Cinderella’s date took a swig of chianti to cover his confusion. A peasant’s idea of a nice wine; Cinderella ignored hers. Though Charming probably wasn’t drinking much better stuff these days, after the settlement. He was lucky he’d got to keep the cobwebby old chalet where he now had to live. Hell, he was lucky he got anything at all after his fling with Sleeping Beauty.
Her date smiled at her. What was his name again? Hans or Jan or something like that. He was handsome in a chunky, woodcuttery way. He smelled like ginger. That wasn’t bad, ginger. It made Cinderella think of pumpkin pie.
“So, Cinderella,” he said. “What do you do?”
“Do? Nothing. I used to scrub floors and have forest animals at my beck and call, but they’re not welcome in the palace. Or I guess they weren’t. Now they will be. If they still have any idea who I am.”
“You like animals? I like animals,” he said in a rush. Then his face grew red. “Sorry, that sounds desperate.”
“Better than charming,” she said. There was a long silence, and she tapped one foot impatiently. She grimaced. “When’s the waiter going to be here with our salads?”
Hans or Jan or something sighed and stood up, dropping a few coins on the table. “Let’s try again another time,” he said.
Cinderella stared, uncomprehending, as Hans or Jan or something bowed awkwardly and walked to the door. What was he doing? Cinderella was beautiful, obviously rich, she had a lovely singing voice … he was leaving, just like that?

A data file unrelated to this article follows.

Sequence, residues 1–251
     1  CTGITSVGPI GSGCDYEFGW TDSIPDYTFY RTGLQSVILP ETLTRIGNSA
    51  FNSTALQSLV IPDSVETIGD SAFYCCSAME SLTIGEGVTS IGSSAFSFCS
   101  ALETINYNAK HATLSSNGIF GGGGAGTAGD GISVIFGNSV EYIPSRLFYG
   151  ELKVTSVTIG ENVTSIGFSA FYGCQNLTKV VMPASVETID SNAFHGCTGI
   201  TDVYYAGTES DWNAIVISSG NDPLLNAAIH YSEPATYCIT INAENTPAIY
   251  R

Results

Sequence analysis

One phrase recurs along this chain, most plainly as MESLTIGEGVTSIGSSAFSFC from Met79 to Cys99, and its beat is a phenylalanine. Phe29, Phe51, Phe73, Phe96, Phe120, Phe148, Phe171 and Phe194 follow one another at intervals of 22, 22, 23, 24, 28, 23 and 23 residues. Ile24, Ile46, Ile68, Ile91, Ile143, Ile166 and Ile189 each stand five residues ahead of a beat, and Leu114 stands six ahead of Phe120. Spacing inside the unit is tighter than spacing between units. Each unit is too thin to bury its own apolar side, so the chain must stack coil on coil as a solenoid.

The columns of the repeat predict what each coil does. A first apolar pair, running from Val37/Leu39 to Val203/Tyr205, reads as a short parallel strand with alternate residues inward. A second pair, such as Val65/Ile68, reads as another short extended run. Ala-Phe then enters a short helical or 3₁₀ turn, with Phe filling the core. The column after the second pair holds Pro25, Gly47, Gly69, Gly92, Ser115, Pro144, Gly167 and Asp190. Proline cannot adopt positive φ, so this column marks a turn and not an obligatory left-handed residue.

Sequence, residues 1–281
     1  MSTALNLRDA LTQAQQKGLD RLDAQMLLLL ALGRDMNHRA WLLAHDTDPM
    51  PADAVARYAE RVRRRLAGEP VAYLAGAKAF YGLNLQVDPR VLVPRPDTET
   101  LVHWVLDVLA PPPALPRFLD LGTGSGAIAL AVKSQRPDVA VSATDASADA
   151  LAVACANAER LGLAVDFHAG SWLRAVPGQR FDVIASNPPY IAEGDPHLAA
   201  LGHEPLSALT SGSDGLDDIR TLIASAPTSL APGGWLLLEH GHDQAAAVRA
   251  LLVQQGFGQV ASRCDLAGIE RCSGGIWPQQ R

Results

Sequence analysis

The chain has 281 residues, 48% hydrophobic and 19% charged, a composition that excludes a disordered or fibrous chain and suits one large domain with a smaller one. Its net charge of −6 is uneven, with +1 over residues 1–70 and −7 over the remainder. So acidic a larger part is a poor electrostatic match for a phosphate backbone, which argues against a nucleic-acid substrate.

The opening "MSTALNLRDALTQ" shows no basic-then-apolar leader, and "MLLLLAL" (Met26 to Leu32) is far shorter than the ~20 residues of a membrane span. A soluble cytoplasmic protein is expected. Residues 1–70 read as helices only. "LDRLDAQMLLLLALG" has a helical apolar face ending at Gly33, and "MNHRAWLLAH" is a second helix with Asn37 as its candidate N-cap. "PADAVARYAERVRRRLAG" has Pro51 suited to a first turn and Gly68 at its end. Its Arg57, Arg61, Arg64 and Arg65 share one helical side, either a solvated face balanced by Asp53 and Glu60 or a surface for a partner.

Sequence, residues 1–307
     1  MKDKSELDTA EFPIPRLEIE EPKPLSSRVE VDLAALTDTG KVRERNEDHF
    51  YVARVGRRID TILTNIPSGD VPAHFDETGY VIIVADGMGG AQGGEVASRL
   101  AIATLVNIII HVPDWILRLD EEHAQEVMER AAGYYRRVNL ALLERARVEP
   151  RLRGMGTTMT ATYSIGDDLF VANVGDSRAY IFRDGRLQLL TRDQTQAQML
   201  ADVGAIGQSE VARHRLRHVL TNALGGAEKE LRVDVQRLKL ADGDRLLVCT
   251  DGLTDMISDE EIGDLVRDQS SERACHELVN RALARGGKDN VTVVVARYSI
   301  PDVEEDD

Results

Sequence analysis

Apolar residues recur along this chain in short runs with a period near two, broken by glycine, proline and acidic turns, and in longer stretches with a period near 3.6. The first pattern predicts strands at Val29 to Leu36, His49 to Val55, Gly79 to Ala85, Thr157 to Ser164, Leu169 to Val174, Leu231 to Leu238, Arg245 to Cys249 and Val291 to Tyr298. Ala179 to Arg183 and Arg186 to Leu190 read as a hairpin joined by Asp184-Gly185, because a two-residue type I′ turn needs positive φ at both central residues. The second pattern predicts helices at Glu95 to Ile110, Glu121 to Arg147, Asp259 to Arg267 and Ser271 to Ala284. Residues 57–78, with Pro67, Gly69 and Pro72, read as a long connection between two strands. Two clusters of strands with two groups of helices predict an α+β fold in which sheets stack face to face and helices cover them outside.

Apparently he was: she waited for a long moment, and he didn’t come back. Cinderella ran out to the parking lot, not losing her shoe because she had long since taken to wearing ones with straps.
There was nothing out there but the surrounding forest.
Cinderella looked all around her, the anger draining away. He wasn’t Charming. Why had she been taking it out on him?
An ancient bluebird flapped arthritically to the ground and trilled at her, and she saw something beside it: a white stone, gleaming in the moonlight. And there was another, and another: a trail! She picked a breadcrumb off her blouse and threw it to the bird, then followed the rocks into the dark forest.
Hansel, that was his name. Hansel.

“What is God?”

The old man bent his head. When he raised it, he looked rueful. “God, my dear,” he said, hesitantly. “God is love.”


Emeril stood upon the platform as it rose higher, her parents behind her. They were level with God’s knees now. Massive metal sheets flexed in His skin as servos adjusted to tiny changes in air pressure. Oxygen tanks, resting on a table, would be required once they were at shoulder height. Beside them lay the knife.


The old man was waiting for something. She thought hard.

“What is love?” she asked tentatively.

“Ah.” The old man smiled. “Love is sacrifice.”


Project Deus had begun almost immediately after the Fall. While the theories differed in specifics, all agreed: the Fall had occurred the absence of God. For redemption, His return was required.

So thirty-seven years passed in hard labor. And even as hurricanes raged, radiation seals failed, birth defects multiplied, hopes rose with the growing juggernaut. And now… Now the machine was built.

But a machine was not God. To become God, more was required.